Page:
In 1919 Nellie gave the bush away and tried life in the city of Sydney. Two years later she and her two children headed back to the bush.

At one stage she lived at the junction of Moodong Creek and the Deua River. Here, as at Cudgee, and later at Woolla, kurrajongs trees were planted and still survive. They were probably planted near the houses to provide some shade for both horse and human, as the peppercorns of the inland were.

Myrtle Davis posing at top of apple box tree after lopping to feed cattle following a severe bushfire which left only four apple box trees unburnt, Woolla; 1952. Note ladder made from round bush timber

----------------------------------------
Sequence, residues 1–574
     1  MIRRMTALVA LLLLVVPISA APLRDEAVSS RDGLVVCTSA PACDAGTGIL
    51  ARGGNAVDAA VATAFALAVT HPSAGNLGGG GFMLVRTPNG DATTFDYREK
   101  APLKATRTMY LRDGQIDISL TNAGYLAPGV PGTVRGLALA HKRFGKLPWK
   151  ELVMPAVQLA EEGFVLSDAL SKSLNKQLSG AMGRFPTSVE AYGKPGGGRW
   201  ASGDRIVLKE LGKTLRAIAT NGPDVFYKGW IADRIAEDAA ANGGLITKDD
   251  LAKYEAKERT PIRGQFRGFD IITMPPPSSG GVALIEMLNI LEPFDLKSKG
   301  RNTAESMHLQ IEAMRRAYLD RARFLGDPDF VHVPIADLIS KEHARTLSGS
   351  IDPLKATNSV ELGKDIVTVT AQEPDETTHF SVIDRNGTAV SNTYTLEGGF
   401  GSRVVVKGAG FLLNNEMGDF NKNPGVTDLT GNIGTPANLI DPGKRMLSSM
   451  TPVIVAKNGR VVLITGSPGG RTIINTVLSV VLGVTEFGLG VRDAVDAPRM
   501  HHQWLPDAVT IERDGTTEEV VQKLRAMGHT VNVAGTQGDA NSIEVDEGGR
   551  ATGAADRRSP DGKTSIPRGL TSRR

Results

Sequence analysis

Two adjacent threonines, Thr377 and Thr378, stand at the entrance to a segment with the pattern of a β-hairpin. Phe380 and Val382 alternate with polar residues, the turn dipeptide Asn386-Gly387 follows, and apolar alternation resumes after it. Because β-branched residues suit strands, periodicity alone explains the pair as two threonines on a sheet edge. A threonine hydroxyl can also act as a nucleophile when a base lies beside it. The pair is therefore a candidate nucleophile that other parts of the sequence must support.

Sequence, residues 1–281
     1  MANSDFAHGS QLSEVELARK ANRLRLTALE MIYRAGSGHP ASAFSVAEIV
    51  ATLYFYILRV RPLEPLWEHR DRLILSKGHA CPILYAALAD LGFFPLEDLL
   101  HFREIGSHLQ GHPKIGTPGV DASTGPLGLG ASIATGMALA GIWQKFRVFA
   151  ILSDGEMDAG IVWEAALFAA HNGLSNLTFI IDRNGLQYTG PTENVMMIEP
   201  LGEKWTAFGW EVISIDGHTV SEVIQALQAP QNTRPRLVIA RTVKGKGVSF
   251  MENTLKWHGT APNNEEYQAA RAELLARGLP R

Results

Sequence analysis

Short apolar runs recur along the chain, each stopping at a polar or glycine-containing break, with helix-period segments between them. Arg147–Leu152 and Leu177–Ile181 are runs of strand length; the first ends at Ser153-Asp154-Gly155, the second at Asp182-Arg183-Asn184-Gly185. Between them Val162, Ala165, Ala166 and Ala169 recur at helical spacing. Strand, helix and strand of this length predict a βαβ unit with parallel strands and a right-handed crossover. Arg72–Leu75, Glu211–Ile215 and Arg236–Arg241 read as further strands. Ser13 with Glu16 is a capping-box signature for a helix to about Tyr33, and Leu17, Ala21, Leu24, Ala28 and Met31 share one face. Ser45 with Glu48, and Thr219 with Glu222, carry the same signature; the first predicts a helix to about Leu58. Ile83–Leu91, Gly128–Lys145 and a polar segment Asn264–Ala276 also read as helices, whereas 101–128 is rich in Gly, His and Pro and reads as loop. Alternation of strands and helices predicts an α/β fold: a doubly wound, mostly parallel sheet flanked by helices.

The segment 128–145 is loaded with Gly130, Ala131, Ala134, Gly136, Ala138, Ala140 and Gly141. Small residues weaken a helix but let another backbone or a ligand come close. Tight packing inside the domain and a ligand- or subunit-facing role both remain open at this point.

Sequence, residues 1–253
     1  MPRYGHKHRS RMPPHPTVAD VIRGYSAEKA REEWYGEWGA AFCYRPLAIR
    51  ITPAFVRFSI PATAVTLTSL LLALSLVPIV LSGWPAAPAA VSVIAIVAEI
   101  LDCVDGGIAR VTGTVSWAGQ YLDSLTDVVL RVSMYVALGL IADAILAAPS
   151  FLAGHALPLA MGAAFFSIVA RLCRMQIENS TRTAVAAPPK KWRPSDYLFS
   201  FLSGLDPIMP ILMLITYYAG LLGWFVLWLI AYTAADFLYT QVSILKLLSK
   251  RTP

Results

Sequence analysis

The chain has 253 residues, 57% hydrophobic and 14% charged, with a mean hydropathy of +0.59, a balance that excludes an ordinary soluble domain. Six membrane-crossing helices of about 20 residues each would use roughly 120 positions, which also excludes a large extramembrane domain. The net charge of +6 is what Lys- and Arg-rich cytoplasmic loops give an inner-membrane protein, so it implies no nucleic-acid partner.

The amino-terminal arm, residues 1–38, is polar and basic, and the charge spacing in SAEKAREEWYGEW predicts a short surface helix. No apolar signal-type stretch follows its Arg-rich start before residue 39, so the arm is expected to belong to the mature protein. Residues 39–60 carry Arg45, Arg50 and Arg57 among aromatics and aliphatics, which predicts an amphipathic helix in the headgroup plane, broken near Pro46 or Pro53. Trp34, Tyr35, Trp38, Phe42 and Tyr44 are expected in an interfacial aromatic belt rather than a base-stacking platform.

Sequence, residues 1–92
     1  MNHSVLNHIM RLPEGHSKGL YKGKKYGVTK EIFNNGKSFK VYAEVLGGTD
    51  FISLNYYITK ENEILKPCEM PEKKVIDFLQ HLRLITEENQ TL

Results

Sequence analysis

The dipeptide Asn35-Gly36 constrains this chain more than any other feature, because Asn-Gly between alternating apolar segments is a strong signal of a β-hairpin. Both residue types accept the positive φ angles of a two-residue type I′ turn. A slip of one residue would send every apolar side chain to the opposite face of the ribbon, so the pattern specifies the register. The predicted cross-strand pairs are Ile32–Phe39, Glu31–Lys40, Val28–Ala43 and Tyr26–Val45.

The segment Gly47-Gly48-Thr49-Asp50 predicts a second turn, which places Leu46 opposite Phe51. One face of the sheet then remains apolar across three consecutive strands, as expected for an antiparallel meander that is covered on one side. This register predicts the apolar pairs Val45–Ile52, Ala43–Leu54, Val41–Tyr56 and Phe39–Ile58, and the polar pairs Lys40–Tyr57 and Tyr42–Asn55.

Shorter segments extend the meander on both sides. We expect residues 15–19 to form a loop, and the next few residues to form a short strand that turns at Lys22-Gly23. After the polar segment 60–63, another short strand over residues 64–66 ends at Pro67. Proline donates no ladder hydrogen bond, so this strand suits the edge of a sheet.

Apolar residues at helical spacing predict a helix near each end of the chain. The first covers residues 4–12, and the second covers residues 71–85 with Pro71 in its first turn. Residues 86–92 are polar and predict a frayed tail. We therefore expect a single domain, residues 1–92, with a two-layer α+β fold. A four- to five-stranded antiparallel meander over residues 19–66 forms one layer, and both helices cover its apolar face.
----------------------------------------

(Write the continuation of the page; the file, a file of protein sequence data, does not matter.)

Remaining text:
As she raised her children and worked the difficult and remote bush blocks Nellie became admired as a very capable woman, but a hard person. Local oral history tells of Nellie travelling a mob of cattle past the Araluen hotel and riding over to speak to some men she knew who were having a drink under the verandah. Andy Keys, a property owner and local councilor said, ‘Nellie, that horse of yours looks pretty knocked up’. To which she replied, ‘If you’d been between my legs as long as this horse you’d be knocked up too’. In later years men were to become very respectful of Nellie and her abilities with stock and in the bush, and with her stern reputation, gossip developed her image into a woman that men should be wary of. Some even said that if a man went near her home she would take a shot at him. Of course legends often have little to do with reality, and no man was ever shot at. The simple fact was that as Nellie grew older she preferred to stay at Woolla, keeping to herself in her bush isolation – a certain scenario to start uninformed tongues wagging.